In summary, ERM proteins and their activators LOK/SLK function in the same pathway as a unit to build microvilli on the apical surface of epithelial cells and locally modulate the level of RhoA-GTP in a feedback inhibition cycle. The next challenge will be to understand how this feedback loop is regulated and restricted to the apical domain.
Materials and methods
Reagents and cDNAs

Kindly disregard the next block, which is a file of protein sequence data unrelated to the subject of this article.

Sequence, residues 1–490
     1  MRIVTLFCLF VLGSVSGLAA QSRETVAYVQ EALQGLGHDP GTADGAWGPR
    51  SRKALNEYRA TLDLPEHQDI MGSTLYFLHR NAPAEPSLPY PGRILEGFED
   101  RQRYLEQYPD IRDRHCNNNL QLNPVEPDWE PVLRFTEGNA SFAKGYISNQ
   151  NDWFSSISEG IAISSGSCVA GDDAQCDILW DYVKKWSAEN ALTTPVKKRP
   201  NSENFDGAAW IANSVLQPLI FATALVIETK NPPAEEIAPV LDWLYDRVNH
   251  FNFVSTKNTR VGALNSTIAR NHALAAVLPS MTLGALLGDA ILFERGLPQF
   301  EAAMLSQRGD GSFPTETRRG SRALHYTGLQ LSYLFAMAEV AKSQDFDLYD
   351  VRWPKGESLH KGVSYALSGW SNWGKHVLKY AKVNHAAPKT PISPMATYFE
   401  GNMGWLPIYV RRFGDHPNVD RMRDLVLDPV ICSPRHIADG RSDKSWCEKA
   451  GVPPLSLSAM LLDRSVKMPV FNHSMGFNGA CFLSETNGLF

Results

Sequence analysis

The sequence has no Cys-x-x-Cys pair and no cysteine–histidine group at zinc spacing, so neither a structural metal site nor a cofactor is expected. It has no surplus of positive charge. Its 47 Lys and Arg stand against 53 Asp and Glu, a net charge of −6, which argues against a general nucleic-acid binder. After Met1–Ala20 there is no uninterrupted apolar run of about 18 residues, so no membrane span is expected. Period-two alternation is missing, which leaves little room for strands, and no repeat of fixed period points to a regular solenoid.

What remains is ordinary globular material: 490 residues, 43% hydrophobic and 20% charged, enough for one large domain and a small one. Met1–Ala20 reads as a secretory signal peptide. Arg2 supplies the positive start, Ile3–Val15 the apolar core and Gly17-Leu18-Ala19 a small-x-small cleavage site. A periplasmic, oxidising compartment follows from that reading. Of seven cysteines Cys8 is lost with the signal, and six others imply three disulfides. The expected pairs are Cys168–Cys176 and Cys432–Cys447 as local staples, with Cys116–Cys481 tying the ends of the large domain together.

Ezrin antibodies were either a mouse anti-ezrin antibody (CPTC-ezrin-1 supernatant concentrate obtained from the Developmental Studies Hybridoma Bank; catalog no. CPTC-Ezrin-1; Research Resource Identification AB_2100318) used at 1:1,250 (Western blot) or 1:100 (immunofluorescence) or a previously characterized rabbit polyclonal antibody raised against full-length human ezrin (Bretscher, 1989) and used at 1:1,000 (Western blot) or 1:200 (immunofluorescence). Rabbit anti-EBP50 was also a previously characterized antibody (Reczek et al., 1997) and was used at 1:50 (immunofluorescence). Mouse anti–ZO-1 (BD Biosciences; catalog no. 610966) was used at 1:100 (immunofluorescence). Rabbit anti-radixin (Cell Signaling Technology; catalog no. C4G7) was used at 1:1,000 (Western blot) to blot for both radixin (80 kD) and moesin (75 kD). Rabbit anti-pERM (raised against recombinant phosphopeptide) was used at 1:1,000 (Western blot). Rabbit anti-LOK (catalog no. A300-400A) used at 1:500 (Western blot) and rabbit anti-SLK (catalog no. A300-500A) used at 1:100 (Western blot) were purchased from Bethyl Laboratories, Inc. For immunofluorescence of LOK, a homemade rabbit polyclonal antibody raised against LOK-586-stop (Pocono Rabbit Farm) was used at 1:50. Mouse anti-Flag (Sigma-Aldrich; catalog no. F1804) was used at 1:5,000 (Western blot), and mouse anti-tubulin (Sigma-Aldrich; catalog no. T5168) was used at 1:5,000 (Western blot). Mouse anti-GFP used at 1:100 (immunofluorescence) was obtained from Santa Cruz Biotechnology, Inc. (catalog no. SC-9996). Rabbit antibodies for anti-MLC2 (catalog no. 3672) and anti–phospho-MLC2 (raised against phospho-Thr18/Ser19; catalog no. 3674) were purchased from Cell Signaling Technology and used at 1:500 (Western blot) and 1:50 (immunofluorescence). Mouse anti–E-cadherin mAb was purchased from BD Transduction Laboratories (catalog no. 610181) and used at 1:100 for immunofluorescence. Mouse anti-RhoA antibody (Cytoskeleton Inc.; catalog no. ARH05) was obtained through Cytoskeleton Inc., and the RhoA Activation Assay Biochem Kit was used at 1:500. Rabbit antibody for anti–nonmuscle myo-IIB from BioLegend (catalog no. 909902) and nonmuscle myo-IIA (BioLegend; catalog no. 909802) were used at 1:100 (Western blot and immunofluorescence). Rabbit polyclonal antibodies raised by standard procedures against vinculin, brush border myosin-II, and α-actinin purified from chicken gizzard were used at 1:2,000, 1:200, or 1:200, respectively, for Western blotting (Fig. S2). The myosin antibody was described in Bretscher (1989). The vinculin and α-actinin antibodies were described in Franck et al. (1990). For actin staining, Alexa Fluor 488 (Invitrogen; catalog no. A12379) or Alexa Fluor 647 phalloidin (Invitrogen; catalog no. A30107) was used at 1:250. WGA conjugated to Alexa Fluor 488 (Invitrogen; catalog no. W11261) was used at 1:300 to stain cell membranes.